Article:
Member since: August 01, 2018



I, Kurt Boyken, have been fishing the inshore waters of Brevard County for over 10 years catching redfish, tarpon, snook, trout, and black drum. I run offshore and nearshore out of Port Canaveral for the many various species caught when weather permits. I enjoy sharing knowledge a; perhaps little too much. Subscribe to my YouTube at 321BigFish.

    Inshore Mullet Run

    October 7, 2019

    This past week has kept me inshore with 20+ mph northeasterly winds, but that was not a problem. The mullet were nowhere to be seen close to shore during the week, but huge schools could be found near manatee signs, causeways, and the ICW channel. Once the east wind picked up, big numbers showed up close to the east bank in spots. 30-60lb tarpon were schooled up in parts of the ICW and near bridges. I also noticed the water level is super high everywhere.

      30 Miles Offshore or 30 Yards Offshore

      October 2, 2019

      The fishing on Friday was very good. We made a long run out deep at the crack of dawn. The amberjack fishing would have been absolutely epic had the elusive sandbar sharks not been so thick. Fish vertical jigs or live bait over large, deep structures with heavy spinning or conventional gear. If they are around, you will mark them sometimes more than 100 feet off the bottom. Reel as fast as you can once they show up. They will be a good target as long as the current stays light like it has ever since Dorian.

        Post Dorian Offshore Report

        September 8, 2019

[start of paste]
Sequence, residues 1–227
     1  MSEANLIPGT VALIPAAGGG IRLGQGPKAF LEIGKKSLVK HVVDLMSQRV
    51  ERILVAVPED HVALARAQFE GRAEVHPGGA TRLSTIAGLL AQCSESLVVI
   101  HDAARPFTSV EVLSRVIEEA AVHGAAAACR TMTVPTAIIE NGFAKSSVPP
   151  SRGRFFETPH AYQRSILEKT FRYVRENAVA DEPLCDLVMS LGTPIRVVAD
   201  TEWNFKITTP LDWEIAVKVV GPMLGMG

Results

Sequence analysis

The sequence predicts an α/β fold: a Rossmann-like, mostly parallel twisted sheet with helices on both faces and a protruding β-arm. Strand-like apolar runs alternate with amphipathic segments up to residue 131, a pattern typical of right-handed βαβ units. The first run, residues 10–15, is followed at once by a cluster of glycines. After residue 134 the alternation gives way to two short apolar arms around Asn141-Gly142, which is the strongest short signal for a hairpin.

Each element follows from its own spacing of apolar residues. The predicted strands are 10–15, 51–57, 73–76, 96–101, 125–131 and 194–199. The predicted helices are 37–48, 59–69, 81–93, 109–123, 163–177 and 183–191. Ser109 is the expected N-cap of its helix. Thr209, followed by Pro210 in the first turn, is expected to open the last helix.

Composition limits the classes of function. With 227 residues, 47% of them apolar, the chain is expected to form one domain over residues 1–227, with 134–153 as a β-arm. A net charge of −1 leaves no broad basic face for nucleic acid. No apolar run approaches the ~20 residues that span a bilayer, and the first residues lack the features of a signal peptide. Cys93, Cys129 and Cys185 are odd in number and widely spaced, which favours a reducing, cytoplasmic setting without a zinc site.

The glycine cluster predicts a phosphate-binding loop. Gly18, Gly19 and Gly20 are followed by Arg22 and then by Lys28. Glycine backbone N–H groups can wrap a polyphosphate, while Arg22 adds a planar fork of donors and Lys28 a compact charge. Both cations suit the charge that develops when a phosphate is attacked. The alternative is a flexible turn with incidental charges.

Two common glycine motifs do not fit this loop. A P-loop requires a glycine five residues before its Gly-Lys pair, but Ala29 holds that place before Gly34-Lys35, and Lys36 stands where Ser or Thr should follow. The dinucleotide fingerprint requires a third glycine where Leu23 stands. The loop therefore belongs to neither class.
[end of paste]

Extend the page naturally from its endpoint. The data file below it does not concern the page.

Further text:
West winds behind Dorian pushed the Gulf Stream way out there and the water is a stirred up turquoise/clay within 25 miles before some gradual clearing. The debris and weeds were all likely 40+ miles offshore due to the wind. These conditions gave us a rather unusual opportunity to fish at depths where the current is typically so strong you can hardly fish.

          Poor Fishing Inshore Lately

          August 12, 2019

          The inshore fishing within north Brevard has not been productive lately probably due to algal blooms. I honestly can’t remember it being this bad in all of my life other than freezes and extreme weather. With 2 inches of clarity and manatees accessing the shallows, you can say goodbye to the little manatee grass that recovered from the slight improvements this lost (spelling deliberate) summer. Yes, it’s rained over 18 inches in the past two weeks, but shouldn’t that get the bait and tarpon going despite dirty hyposaline water? I usually crush the snook and slot reds in high water too.

            Red Snapper Season Ended with a Bang!

            July 23, 2019

            We left the boat ramp at 3:30 Saturday and went to 130ft with live baits in hopes of bigger red snapper. They were definitely bigger than last weekend, but I’ve caught them three times as big in the past. There’s still no shortage of them even after “experts” decided to have a mini season during the peak spawning time of the year. If only the eggs would hatch inside the Port. That won’t realistically happen but maybe they will move into state waters someday?

              Limited on Red Snapper as Expected

              July 16, 2019

              Catching our red snapper was not a problem and we got some big mangrove snapper in the mix. We struck out on tarpon off the beach Wednesday but that was a good thing because we changed our tactic for red snapper completely. Nearshore tarpon fishing still will be good anytime the water is above 76 or so. Nothing major is happening with cobia, but be ready while snapper fishing.

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